And having grown up in a quiet mainline denomination, I now enjoy what Poser desired--mixed congregations that do read beyond "Be still and know" and apply the last of the Psalms. : )

With its well-drawn main characters, subtle use of dialect, often lyrical prose and powerful, sometimes shocking plot, there's no surprise it won the Christy for Mystery and Suspense.
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27 of 29 people found the following review helpful By Armchair Interviews on January 3, 2006
Format: Hardcover
This book is Louisiana's To Kill A Mockingbird. Hale Poser is chaplain of a New Orleans orphanage where he had lived as an orphan. In 1927 he discovers his file in the orphanage attic, and it propels him to Pilotville, Louisiana and his roots.

Poser is desperately searching for some sense of who he is, where he came from, and who his parents were. Pilotville lays in the bayous and swamps of Louisiana, far from almost any place and accessible only by boat.

Poser gets a job as a janitor in the African-American Infirmary and is content to fit in and listen--until he saves Rosa and James Lamont's new baby daughter, Hannah, from dying at birth because the doctor was too drunk to perform a needed caesarean section. Did the janitor/reverend perform a miracle?

That's the debate until baby Hannah is kidnapped from the hospital. But who would take her? And is there a connection to the other mysterious disappearances of children over the years? Rosa is devastated and the father won't stop searching the bayous for their daughter. And Hale won't stop praying and thinking and seeking answers, not only to his own questions, but to questions people in town sometimes think about--but never voice out loud.

Can you be a slave and not know it? Can someone appear to be kind and benevolent and yet be truly evil? Can people with absolute power over another's life be brought down? Can separate but equal become equal together? Can the truth really set you free when you tell people and they don't believe you anyway? Is God listening and are prayers answered?

This book will grow on you. It will make you ask questions that need to be asked. And the reader will look for answers that are there to be found.
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9 of 9 people found the following review helpful By FaithfulReader.com on January 31, 2006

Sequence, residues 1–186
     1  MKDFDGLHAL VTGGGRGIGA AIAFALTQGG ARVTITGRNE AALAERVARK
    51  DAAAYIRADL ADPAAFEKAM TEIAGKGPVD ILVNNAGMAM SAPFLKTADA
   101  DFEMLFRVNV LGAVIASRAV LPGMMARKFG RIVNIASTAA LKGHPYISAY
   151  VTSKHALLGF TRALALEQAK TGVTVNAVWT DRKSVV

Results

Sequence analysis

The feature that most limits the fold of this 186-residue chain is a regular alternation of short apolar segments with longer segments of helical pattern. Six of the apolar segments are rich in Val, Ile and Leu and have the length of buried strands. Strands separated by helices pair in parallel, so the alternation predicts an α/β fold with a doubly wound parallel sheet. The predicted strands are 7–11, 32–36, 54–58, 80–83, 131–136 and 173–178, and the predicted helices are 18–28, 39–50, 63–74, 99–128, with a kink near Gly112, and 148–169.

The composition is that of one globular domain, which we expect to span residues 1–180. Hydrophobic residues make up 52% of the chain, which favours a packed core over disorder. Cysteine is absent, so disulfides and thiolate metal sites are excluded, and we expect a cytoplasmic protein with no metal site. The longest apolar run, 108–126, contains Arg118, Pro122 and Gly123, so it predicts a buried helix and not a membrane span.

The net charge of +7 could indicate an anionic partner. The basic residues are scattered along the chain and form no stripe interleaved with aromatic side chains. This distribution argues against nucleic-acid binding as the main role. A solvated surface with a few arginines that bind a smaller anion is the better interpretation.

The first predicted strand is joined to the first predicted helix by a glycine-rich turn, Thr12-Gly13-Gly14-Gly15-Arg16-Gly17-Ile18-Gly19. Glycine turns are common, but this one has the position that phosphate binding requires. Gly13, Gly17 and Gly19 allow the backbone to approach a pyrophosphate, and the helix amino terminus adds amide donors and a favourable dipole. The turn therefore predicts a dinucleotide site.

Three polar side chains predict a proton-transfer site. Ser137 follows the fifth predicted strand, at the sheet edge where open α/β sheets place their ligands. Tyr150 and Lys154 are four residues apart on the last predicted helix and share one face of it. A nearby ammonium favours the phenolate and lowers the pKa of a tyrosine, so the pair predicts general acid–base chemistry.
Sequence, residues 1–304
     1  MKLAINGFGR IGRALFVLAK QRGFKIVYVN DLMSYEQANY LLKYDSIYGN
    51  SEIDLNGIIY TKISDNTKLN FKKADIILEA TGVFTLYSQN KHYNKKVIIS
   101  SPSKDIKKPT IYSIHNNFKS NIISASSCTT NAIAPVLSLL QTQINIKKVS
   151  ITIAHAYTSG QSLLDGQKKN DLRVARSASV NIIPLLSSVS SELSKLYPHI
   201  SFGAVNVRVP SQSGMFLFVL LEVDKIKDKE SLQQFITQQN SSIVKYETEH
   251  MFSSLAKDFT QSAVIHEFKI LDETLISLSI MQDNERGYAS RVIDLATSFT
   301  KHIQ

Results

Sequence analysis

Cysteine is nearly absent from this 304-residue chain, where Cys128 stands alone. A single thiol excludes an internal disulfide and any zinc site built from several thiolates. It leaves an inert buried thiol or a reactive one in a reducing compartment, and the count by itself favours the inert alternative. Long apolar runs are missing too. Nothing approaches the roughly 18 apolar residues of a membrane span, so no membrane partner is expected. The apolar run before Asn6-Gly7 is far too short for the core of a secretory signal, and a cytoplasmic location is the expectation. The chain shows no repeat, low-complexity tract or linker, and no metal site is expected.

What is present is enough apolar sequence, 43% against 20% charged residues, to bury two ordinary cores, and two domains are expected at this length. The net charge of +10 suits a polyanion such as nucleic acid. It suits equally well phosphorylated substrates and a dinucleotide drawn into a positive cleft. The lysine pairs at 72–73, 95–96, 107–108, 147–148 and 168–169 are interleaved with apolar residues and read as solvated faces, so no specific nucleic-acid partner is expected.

Format: Hardcover
With elegant prose, themes of racial reconciliation and masterful storytelling, Athol Dickson's fourth novel, RIVER RISING, is a must-read for the new year.

As the story opens, the Reverend Hale Poser poles down the Mississippi River in his ancient pirogue to the town of Pilotville, Louisiana, humming a disturbing tune and looking for clues to his heritage. The blue-eyed African American orphan has an unusual closeness to God and the ability to seemingly work miracles.

It's 1927, and slavery is only a distant memory for most folks in Pilotville. But simmering under the surface of the seemingly tranquil race relations in the small town is something as sinister as the darkest parts of the swampland. Although blacks and whites exist in a sort of harmony, they refuse to worship together. And, since 1883, twelve newborn babies have disappeared, snatched from their mothers at night while they and their little ones were sleeping. Who wants these children? And for what nefarious purposes?

Hale helps Rosa Lamont deliver her baby, which is seemingly breech (the first "miracle") and grieves with them when the baby abruptly is kidnapped. He then rouses the town, both blacks and whites, to hunt tirelessly for the infant. "He had come to find his mother, or his father, or at least a tombstone with their name --- his own name, whatever that might be --- and here he was, looking for a stranger's child instead."

In search of the newborn, Hale embarks on a dream-like journey on the tumultuous Mississippi River. Dying of thirst (with the fetid swamp water mocking him all around), he drags himself at a shore where inconceivable horrors, long thought laid to rest, await.